That difference is the story that isn’t told. It can’t be — because American economists assume that capitalism is the answer to the question they should be asking. “What kind of institutions does real prosperity require?” Assumption: only capitalist ones. They’re playing Jeopardy — not thinking about society. Hence — “the economy’s booming!!” — as long as a few measures of capitalism are. And over the years, even those measures — which were largely empty to begin with — have had whatever tiny shreds of meaning which were once in them plucked out, excised, and removed.”
Constitutional Rot Reaches the Supreme Court
by, Jack M. Balkin
“The fight over the Kavanaugh appointment exemplifies our country’s advanced case of constitutional rot. The rot has been growing for some time, and has now reached the Supreme Court of the United States. The Supreme Court is unlikely to save us from decay. We will have to do that ourselves.
As I have argued in this lecture, our country has gone through cycles of constitutional rot and renewal throughout its history. We are at (what we can only hope is) the most extreme point in a cycle of constitutional rot. Unfortunately, we are also at the high point of a cycle of party polarization. And, to make matters worse, we are also at the end of the debilitated Reagan regime, with a new political regime yet to be born. The endings of political regimes are highly confusing periods regardless; extreme party polarization and advanced constitutional rot make our current period even more difficult.
Right now we are in an especially corrupt moment and the courts are unlikely to help extricate us. They may even make things worse in the short run. And they are likely to be compromised and tainted by the corruption that surrounds them. But that does not make me a Thayerian or a Holmesian. One should be guided by the nature of the times. Rather than oppose judicial review per se, one should simply not expect too much from courts, and endeavor to keep them from doing too much harm. Things will eventually change. In the meantime, it is best not to look to an institution that cannot and will not help the country.
The lesson of history seems clear enough: During a period of advanced constitutional rot and high political polarization the federal courts are unlikely to be an instrument of constitutional renewal. Renewal will have to come from political mobilization instead.”
[Not only is he a sexual predator and liar, Brett Kavanaugh has overruled federal regulators 75 times on such cases as clean air, consumer protections and net neutrality.]
‘We come with all these parts and no instruction on how to put them together.’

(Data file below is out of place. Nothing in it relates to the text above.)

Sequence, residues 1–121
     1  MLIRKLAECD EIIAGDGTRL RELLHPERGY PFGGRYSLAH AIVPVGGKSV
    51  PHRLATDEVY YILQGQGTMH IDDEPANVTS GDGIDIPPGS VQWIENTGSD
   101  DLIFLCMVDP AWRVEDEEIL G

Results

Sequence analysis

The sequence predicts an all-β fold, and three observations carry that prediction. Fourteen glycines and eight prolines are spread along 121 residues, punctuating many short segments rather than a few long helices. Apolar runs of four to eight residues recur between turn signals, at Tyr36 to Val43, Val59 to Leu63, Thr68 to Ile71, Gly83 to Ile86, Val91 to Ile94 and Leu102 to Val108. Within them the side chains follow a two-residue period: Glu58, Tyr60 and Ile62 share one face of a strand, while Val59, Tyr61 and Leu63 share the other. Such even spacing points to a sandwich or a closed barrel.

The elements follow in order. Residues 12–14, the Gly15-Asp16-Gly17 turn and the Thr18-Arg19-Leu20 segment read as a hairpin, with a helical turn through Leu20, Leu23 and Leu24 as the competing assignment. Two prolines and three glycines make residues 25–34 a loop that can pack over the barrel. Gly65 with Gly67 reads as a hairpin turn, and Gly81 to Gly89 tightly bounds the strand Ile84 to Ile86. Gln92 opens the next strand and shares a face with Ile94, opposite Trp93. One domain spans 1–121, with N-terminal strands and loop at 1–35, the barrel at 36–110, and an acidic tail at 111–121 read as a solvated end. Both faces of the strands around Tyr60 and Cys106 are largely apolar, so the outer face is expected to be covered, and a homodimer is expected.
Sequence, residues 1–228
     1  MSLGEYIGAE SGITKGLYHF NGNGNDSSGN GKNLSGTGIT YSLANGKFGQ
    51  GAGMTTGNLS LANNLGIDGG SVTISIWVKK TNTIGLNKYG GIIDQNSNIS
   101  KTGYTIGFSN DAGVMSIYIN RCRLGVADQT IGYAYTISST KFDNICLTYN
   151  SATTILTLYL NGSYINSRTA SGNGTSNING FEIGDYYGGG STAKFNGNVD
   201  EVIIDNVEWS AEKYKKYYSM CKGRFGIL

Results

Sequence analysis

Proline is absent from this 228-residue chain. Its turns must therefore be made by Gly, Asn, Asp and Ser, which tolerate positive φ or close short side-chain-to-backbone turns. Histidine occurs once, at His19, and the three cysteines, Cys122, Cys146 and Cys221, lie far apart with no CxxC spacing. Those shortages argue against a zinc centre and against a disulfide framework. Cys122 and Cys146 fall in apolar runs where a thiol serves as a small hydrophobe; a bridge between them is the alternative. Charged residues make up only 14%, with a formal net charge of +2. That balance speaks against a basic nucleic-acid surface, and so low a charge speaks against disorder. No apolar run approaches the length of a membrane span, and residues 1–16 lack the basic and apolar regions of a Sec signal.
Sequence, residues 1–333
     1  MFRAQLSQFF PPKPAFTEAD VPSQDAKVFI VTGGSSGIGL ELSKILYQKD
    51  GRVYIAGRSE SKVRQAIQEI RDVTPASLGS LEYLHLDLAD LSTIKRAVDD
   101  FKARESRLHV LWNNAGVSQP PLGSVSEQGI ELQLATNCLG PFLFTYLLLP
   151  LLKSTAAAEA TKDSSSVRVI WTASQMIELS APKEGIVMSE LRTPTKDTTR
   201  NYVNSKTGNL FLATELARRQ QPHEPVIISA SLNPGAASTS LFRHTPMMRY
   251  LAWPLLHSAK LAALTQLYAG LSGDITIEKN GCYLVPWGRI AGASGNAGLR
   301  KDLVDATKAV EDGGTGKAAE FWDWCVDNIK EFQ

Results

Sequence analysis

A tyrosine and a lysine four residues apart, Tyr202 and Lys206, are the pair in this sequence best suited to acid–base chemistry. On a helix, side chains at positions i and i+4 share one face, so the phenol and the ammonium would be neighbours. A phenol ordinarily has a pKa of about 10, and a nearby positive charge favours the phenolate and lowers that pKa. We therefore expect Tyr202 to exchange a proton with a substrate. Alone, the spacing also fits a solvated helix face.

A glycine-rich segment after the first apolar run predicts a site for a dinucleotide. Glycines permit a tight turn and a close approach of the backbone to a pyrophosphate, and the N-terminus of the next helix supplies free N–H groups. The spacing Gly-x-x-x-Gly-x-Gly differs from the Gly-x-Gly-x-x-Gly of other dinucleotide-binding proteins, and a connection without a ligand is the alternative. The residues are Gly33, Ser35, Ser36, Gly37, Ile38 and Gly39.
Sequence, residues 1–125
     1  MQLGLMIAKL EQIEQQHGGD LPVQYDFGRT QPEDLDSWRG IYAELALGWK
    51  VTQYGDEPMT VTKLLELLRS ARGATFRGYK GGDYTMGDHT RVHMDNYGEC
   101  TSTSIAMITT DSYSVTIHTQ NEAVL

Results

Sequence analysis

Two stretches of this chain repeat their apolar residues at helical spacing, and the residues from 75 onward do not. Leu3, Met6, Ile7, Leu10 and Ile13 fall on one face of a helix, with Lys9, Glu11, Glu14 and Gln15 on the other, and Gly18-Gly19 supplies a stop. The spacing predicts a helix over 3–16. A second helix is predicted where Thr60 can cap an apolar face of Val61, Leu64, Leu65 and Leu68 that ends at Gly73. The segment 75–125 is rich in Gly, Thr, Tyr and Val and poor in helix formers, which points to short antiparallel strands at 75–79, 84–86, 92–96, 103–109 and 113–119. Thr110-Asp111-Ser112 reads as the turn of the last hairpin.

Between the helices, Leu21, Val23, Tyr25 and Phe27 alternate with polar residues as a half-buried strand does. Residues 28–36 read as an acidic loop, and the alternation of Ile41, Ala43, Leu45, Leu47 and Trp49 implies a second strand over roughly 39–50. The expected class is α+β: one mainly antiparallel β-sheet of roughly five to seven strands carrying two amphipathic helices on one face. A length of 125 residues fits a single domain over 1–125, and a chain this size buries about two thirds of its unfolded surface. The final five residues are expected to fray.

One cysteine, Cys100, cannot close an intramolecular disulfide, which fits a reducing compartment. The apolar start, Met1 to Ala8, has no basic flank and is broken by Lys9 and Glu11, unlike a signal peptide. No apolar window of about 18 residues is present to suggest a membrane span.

Out and about this morning the predominate conversations were about the Supreme Court confirmation and our current administration. One women in her early 70s told an acquaintance, “I was raised in a Republican house my entire life and my parents would be outraged.” The vile and decisive rhetoric continued from the oval shaped office this morning with slander and additional lies. McConnell, already planning his re-election to the senate in 2020 (He’s 76), said in a report on Saturday, the day of BK’s confirmation, that he isn’t done with his “project” to revamp the nation’s courts. U.S. historian Jon Meacham assured us in Ketchum on Wednesday [10.3] our “Constitution was written for moments like this, and “the Founders would be surprised it took us this long” to get a president like D.T. He added: “In the past, we have moved past these times, eras, to endure and prevail.” The political climate did not commence with 2016. The current narcistic and corrupt leader landed on a throne built by an ideology developed in the 70s and 80s. Its creator did not live to see it to fruition, but those around him did. This article by Senior Research Analyst Lynn Parramore, Institute for New Economic Thinking, lends acute awareness to James McGill Buchanan ideology, a Tennessee-born Nobel laureate. “If he were alive today, it would suit him just find that most well-informed journalists, liberal politicians, and even many economics students have little understanding of his work. If Americans really knew what Buchanan thought and promoted, and how destructively his vision is manifesting under their noses, it would dawn on them how close the country is to a transformation most would not even want to imagine, much less accept.” This is not conspiracy. Parramore’s analysis is based on research by Duke University historian Nancy MacLean (‘Democracy in Chains’, 2017). She could not “gain access to Buchanan’s papers to test her hypothesis until after his death in January 2013. Billionaire industrialist Charles Koch was a big fan and has pushed Buchanan’s ideology into our politics and policies for decades. It’s a worthy, and important, read as we approach another election. It has connected so many dots for me socially and politically, explaining the IS of, why is this happening? “Concepts determine the route that attention follows” [N. Goddard].